Boston Criminal Lawyer Blog
Samuel Goldberg has been a Massachusetts criminal defense attorney for 20 years. Prior to that, he was a New York state prosecutor. He has published various articles regarding the practice of criminal law and frequently provides legal analysis on radio and television, appearing on outlets such as the Fox News Channel, Court TV, MSNBC and The BBC Network. To speak to Sam about a criminal matter call (617) 492 3000.

In 1984, the United States passed the Uniform Drinking Age Act to mandate that all states raise the drinking age from 18 to 21. In compliance, the state of Massachusetts raised the legal drinking age in 1985. Since the change, and with rising awareness regarding underage drinking, the state of Massachusetts has adopted a serious zero-tolerance policy. These policies mandate a number of minimum penalties that can include minimum fines, jail time, operator’s license suspensions, and mandatory classes. Contact a Massachusetts Criminal Defense Lawyer.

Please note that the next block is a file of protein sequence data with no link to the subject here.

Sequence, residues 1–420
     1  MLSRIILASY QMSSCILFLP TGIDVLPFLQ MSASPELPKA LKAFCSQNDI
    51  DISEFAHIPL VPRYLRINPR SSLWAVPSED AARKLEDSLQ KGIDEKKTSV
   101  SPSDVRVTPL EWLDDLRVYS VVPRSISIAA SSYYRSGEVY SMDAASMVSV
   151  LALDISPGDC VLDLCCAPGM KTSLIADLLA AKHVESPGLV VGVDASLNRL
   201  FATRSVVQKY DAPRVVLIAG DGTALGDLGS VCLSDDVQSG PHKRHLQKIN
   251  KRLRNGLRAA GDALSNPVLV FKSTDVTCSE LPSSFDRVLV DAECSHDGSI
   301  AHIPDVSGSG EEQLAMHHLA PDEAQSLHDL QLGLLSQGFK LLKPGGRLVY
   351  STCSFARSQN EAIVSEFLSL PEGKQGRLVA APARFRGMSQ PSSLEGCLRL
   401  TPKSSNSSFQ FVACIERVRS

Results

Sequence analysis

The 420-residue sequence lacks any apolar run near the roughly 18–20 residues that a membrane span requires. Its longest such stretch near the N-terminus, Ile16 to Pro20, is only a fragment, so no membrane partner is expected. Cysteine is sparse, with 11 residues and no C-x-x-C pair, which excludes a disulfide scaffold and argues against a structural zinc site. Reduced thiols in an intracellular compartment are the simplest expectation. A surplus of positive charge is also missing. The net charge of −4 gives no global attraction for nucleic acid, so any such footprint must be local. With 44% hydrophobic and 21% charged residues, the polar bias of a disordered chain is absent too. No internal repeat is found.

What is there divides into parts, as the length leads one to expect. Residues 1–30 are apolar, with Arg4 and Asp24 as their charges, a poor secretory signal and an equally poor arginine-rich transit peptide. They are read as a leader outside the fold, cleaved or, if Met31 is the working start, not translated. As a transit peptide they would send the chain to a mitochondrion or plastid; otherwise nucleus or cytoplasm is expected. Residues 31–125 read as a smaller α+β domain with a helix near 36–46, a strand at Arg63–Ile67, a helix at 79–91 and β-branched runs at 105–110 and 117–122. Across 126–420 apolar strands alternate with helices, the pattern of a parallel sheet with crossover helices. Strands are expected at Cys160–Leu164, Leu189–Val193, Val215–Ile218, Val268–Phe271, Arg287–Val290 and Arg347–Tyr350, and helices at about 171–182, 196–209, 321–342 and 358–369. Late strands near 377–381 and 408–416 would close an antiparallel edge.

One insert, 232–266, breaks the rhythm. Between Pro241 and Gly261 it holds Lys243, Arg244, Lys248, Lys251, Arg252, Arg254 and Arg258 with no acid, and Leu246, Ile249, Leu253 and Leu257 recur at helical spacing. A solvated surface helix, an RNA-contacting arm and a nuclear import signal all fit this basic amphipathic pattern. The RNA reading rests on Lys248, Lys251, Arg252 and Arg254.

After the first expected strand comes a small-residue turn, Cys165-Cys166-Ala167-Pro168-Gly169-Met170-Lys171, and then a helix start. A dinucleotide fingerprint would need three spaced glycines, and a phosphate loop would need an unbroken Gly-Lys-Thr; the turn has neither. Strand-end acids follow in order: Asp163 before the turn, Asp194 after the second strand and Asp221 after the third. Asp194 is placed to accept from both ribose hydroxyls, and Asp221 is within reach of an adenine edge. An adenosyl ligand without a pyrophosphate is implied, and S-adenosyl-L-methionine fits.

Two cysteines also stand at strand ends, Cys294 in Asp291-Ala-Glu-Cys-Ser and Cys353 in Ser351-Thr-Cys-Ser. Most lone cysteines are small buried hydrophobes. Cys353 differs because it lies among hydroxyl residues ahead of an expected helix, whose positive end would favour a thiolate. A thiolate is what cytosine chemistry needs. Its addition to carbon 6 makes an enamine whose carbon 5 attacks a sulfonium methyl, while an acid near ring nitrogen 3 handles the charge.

A number of Massachusetts laws cover alcohol related offenses in relation to minors. The most common being minor in possession or transporting alcohol, both criminalized under Massachusetts code chapter 138, section 34c. While the initial penalty of this charge is a maximum $50.00 fine, the other implications are very serious. An alcohol related charge on your permanent record, revocation of driving privileges for 90 days, and increased insurance costs are a few examples of additional repercussions. Even a seemingly minor offense can create a burden for years into the future. Employment background checks, having to claim an offense on applications, difficulty obtaining affordable auto insurance, and even public housing and assistance programs can be affected by a criminal record.